The Regional Water Authorities were privatised in 1989, creating the water companies we have today. Regulating the quality of the water supply became the responsibility of what is now the Environment Agency. Nonetheless, London boroughs still have to “be informed” of what the water quality is like in their area, meaning environmental health officers undertake regular water quality checks.
Parks and green spaces
The Abercrombie Plan was developed during the second world war and envisaged a network of parks and green spaces in some of the areas that had been bombed. These green spaces were created under the supervision, first of the London County Council (LCC) and subsequently the Greater London Council (GLC). The abolition of the GLC in 1986 saw boroughs take on responsibility for parks.
Many London boroughs support and encourage community groups to take care of green spaces and parks, by sharing expertise, equipment or resources. Boroughs across London look after parks, nature reserves, wetlands, forests and public gardens. These spaces for sport, leisure and recreation make London one of the greenest cities in the world.
The national Green Flag scheme accredits public parks and green spaces. To win an award, parks must be welcoming, safe, well-maintained, environmentally aware, conserve natural or historic features, involve the community, promote the park, and be well-managed. Today there are 295 award-winning parks in London.
Boroughs are currently considering how parks and green spaces can fulfil a range of functions.
One example is a network of Quietways that will make it easier to cycle around London. Routes will be clearly marked and make use of quieter back streets and parks. Boroughs are also encouraging people to plant green roofs or walls on new and existing buildings, as these help reduce the amount of water that ‘runs off’ buildings and can cause flooding.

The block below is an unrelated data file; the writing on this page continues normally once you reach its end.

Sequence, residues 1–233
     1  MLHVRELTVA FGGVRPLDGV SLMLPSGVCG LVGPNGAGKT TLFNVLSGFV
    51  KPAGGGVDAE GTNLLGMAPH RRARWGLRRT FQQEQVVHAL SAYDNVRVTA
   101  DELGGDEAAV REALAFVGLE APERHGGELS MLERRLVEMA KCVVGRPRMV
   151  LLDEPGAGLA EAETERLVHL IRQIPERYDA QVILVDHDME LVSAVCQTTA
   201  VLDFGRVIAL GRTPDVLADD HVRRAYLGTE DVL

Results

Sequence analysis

Maintaining local environments
London boroughs are responsible for street cleaning, collecting litter, and tackling anti-social behaviour in public places, alongside the police. These powers are important for public health and public safety, and boost business and tourism. Boroughs know these are issues residents care about. As well as educating the public, boroughs can use enforcement action, including issuing fixed penalty notices to people caught dropping litter, fly-tipping and carrying out other offences that spoil local environments. Most recently, boroughs have set fine levels for people who spit in public.
Since the Clean Air Act of 1958, London has strengthened its requirements on air quality. More recent European targets see boroughs working with the Mayor of London to meet London’s air quality targets and contribute to the UK’s. Boroughs have a statutory role to monitor and manage local air quality, which includes making the data collected publically available.
The largest sources of pollutants in London are from road transport and heating systems. Encouraging people to switch to more sustainable methods of transport (cycling, walking) can improve air quality.
London boroughs take up opportunities to generate their own renewable power, either to sell back to the National Grid or to provide electricity for their buildings, including their housing stock. The boroughs also encourage their residents to take part in regular Big Energy Switch events, which use collective switching to secure lower energy rates for the residents that switch. London boroughs also work together through the London Energy Project to secure affordable energy for the public sector and make wise investments in new technologies.